The real estate market has always experienced cyclical fluctuations, but the current dip in new home sales owes some causation to lingering effects of COVID-19, which interrupted supply chains that, in turn, disrupted home construction. When combined with rising mortgage interest rates and increased construction costs, supply chain issues have resulted in a slower market for new home sales. According to an August 2022 report from the U.S. Census, new home sales in July were down 12.6% from the previous month to 511,000 (seasonally adjusted) and more than 29% from one year ago.
“The disappointing sales pace mirrors an ongoing decline in builder sentiment as elevated mortgage rates and higher construction costs are pushing more consumers out of the market, particularly entry-level buyers,” said Jerry Konter, chairman of the National Association of Home Builders (NAHB) and a home builder and developer from Savannah, Ga., in an August 2022 report from the NAHB.
Conversely, house prices are up by slightly more than 8% over 2021. Technically, so is inventory, with a 10.9-month supply of new single-family homes—although not every home on that inventory list is completed, and some have yet to even break ground. Of the 464,000 homes listed in inventory, only 45,000 are ready for occupancy.
With materials shortages and higher prices and interest rates, houses aren’t getting built or selling. This has led the NAHB to declare a recession in the housing market. A housing recession is defined by the National Association of Realtors as declining home sales for six consecutive months.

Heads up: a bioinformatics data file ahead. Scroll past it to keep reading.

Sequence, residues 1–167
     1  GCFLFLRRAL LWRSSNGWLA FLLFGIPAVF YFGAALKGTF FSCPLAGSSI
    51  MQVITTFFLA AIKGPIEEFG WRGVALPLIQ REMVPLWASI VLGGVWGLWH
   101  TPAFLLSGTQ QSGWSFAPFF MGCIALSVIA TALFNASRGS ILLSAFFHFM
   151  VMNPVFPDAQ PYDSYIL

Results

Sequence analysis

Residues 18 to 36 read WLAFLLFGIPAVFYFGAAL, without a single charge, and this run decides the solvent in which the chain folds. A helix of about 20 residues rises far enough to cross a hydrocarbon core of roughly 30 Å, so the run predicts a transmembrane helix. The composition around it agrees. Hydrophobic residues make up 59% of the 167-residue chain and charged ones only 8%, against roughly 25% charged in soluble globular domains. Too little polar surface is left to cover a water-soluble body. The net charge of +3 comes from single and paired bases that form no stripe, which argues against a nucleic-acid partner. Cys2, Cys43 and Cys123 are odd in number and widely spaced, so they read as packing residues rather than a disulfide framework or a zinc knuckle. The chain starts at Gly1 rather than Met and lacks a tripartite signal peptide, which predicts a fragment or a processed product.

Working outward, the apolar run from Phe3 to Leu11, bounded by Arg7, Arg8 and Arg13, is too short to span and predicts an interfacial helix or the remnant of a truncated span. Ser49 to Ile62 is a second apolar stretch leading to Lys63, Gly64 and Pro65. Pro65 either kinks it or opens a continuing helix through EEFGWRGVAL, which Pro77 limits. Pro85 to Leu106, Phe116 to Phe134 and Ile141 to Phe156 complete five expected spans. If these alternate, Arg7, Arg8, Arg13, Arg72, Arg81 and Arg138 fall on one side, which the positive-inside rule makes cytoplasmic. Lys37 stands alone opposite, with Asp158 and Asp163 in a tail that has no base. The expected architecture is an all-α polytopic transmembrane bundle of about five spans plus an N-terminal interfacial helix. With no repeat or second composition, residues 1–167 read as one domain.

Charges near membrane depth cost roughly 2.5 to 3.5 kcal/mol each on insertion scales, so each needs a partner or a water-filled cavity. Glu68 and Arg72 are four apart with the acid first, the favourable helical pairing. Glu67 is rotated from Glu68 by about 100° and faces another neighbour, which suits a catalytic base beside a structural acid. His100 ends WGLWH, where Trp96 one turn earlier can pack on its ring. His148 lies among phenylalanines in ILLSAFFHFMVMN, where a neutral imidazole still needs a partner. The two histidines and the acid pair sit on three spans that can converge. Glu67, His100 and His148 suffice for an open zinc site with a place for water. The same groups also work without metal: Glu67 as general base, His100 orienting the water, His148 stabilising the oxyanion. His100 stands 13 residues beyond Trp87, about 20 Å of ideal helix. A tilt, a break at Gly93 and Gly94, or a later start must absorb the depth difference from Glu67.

A slow-moving residential market impacts other industries. For example, a dip in appliance sales typically follows a housing recession. The ripple effect of a stagnant housing market can extend beyond consumer goods to utility contractors and other building trades.
While the S&P Global North American Corporate Credit Mid-year Outlook for homebuilders and developers, published in July 2022, reflects the current “softening” in residential construction, many pundits predict a rebound, thanks to demand for housing outstripping the shortfall of homes, estimated to be between 1 million–4 million.
In addition to ongoing housing demand, other signs of hope for a positive market upswing include stabilization of mortgage interest rates, falling gas prices and slowing inflation. This could keep residential contractors on the job in preparation for changing market conditions.
Header image by paulbr75 / Pixabay.
About The Author
Lori Lovely is an award-winning writer and editor in central Indiana. She writes on technical topics, heavy equipment, automotive, motorsports, energy, water and wastewater, animals, real estate, home improvement, gardening and more. Reach her at: [email protected]